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An anemometer is a device that tells you how fast the wind is blowing. The device you can build is a model of a wind speed indicator. A real one will be able to accurately measure how fast the wind is blowing. Yours will give you only approximation of how fast it's blowing. It can't give you an exact wind speed.

The energy in the moving wind can be used to generate electricity. But you have to know how fast the wind is blowing before you can harness wind power.

  1. Scissors
  2. 4 small paper cups (like drinking cups)
  3. A marking pen (any color)
  4. 2 strips of stiff, corrugated cardboard -- the same length
  5. Ruler
  6. Stapler
  7. Push pin
  8. Sharpened pencil with eraser on the end
  9. Modeling clay
  10. A watch that shows seconds

Cut off the rolled edges of the paper cups to make them lighter.
Color the outside of one cup with the marking pen.
Cross the cardboard strips so they make a plus (+) sign. Staple them together.
Take the ruler and pencil and draw lines from the outside corners of where the cardboard strips come together to the opposite corners. Where the pencil lines cross will be the exact middle of the cross.

 
Staple the cups to the ends of the cardboard strips; make sure the cups all face the same direction.
Push the pin through the center of the cardboard (where the pencil lines cross) and attach the cardboard cross with the cups on it to the eraser point of the pencil. Blow on the cups to make sure the cardboard spins around freely on the pin.
Place the modeling clay on a surface outside, such as a a porch railing, wooden fence rail, a wall or a rock. Stick the sharpened end of the pencil into the clay so it stands up straight.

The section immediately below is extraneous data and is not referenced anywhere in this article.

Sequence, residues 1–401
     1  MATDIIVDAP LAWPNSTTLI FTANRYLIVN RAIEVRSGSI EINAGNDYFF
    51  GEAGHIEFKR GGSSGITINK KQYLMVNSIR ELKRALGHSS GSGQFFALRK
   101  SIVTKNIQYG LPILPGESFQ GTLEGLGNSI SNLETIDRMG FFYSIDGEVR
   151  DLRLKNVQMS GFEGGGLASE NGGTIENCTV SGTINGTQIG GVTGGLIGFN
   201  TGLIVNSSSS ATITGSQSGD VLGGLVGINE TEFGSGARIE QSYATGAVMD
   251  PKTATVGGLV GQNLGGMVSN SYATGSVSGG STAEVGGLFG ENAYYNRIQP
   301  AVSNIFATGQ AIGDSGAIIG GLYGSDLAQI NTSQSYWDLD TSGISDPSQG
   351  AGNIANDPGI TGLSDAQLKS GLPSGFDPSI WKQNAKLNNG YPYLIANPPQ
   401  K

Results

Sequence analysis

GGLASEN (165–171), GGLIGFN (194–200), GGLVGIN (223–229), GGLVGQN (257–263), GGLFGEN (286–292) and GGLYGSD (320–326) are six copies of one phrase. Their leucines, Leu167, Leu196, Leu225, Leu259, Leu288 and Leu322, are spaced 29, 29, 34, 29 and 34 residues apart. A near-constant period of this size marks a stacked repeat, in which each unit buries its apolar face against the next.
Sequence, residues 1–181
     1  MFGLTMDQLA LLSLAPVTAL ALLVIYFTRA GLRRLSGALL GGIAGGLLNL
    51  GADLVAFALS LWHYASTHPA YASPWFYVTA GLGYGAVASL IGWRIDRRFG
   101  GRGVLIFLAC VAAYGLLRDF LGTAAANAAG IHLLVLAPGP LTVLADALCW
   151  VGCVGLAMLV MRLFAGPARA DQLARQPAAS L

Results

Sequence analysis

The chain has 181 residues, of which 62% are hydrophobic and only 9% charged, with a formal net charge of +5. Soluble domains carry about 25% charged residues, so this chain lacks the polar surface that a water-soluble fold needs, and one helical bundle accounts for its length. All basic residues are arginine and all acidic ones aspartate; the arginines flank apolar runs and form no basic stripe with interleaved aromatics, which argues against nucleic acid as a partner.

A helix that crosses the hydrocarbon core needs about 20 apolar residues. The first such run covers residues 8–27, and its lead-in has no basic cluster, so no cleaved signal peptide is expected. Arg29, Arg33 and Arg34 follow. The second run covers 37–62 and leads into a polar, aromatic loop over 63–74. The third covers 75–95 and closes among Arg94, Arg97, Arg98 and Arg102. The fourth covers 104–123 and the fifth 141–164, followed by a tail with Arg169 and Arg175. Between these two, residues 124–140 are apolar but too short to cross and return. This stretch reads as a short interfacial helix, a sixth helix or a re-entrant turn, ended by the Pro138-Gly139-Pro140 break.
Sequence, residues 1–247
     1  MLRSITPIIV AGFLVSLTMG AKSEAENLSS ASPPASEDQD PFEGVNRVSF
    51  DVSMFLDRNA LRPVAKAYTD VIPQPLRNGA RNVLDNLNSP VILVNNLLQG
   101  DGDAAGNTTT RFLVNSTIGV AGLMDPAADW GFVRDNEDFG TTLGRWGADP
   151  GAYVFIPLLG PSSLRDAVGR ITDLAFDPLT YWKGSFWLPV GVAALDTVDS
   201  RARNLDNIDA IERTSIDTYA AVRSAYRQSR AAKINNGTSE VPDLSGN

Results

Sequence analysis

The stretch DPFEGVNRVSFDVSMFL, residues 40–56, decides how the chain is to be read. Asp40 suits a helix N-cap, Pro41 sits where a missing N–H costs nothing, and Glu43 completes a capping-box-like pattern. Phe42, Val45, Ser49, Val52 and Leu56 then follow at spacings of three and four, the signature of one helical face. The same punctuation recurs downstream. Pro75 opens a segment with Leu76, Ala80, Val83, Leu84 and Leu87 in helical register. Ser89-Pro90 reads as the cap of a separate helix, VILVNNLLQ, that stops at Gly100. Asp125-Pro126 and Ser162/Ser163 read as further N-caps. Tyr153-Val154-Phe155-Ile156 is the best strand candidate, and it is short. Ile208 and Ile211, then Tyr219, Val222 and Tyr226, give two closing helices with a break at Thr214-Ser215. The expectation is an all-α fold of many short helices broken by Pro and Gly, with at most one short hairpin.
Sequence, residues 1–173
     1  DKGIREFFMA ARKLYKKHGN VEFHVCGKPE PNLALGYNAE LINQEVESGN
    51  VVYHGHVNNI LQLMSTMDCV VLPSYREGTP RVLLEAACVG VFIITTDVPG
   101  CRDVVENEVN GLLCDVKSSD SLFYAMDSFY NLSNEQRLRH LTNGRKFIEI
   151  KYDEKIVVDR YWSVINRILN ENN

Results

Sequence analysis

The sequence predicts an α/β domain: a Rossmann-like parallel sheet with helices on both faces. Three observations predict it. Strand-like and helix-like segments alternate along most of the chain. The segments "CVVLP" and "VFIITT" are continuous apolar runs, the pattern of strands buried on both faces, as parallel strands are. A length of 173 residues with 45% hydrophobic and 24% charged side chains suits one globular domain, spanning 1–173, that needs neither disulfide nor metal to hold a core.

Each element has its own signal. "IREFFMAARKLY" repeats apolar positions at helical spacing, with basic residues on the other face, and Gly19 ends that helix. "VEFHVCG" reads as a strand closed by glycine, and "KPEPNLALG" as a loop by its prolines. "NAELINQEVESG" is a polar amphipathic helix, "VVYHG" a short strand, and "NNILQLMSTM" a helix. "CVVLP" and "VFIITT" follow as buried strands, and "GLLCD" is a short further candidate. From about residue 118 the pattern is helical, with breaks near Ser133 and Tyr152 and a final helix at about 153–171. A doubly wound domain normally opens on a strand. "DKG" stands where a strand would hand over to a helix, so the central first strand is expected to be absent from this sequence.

Measuring Wind Speed

This anamometer cannot not tell the wind speed in miles per hour, but it can give you an idea of how fast the wind is blowing.

Using your watch, count the number of times the colored cup spins around in one minute. You are measuring the wind speed in revolutions (turns) per minute. Weather forecasters' anemometers convert the revolutions per minute into miles per hour (or kilometers per hour). Keep a record of the wind speeds you're measuring for the next few days.

Measure the wind speed at different times of the day. Is it the same in the morning; the afternoon; the evening? Move your anemometer to another location. Is it windier in other places? Do trees or buildings block the wind?

One of our readers, Heather Fluehr, and her mom, Paulina, of Apopka, Florida, devised a clever way to measure wind speed in miles per hour. With a slightly different anemometer, the whole family got into the car. One person drove the car, one held the anemometer out of the window -- these two were adults -- one held a stop watch, and one counted the revolutions of the anemometer. They drove exactly 10 mph. In one minute their anemometer made 100 revolutions. Assuming there was no wind that day, they determined that with their anemometer 100 rpms equals 10 miles per hour. If they wanted to they could verify the accuracy of their measurements by using a real anemometer like the ones used by weather forecasters and airports.

Wind speed is important for wind energy. Wind turbines -- which are the machines that change the movement of the wind into electricity -- need a constant, average wind speed of about 14 miles per hour before the wind turbines can generate electricity. That's why wind farms, where there are a lot of wind turbines grouped together, are located in windy spots. In California, these are in three main places -- the Altamont Pass east of San Francisco, Tehachapi south of Bakersfield, and in San Gorgonio near Palm Springs.

To read more about wind energy, please see Chapter 10 of our Energy Story.


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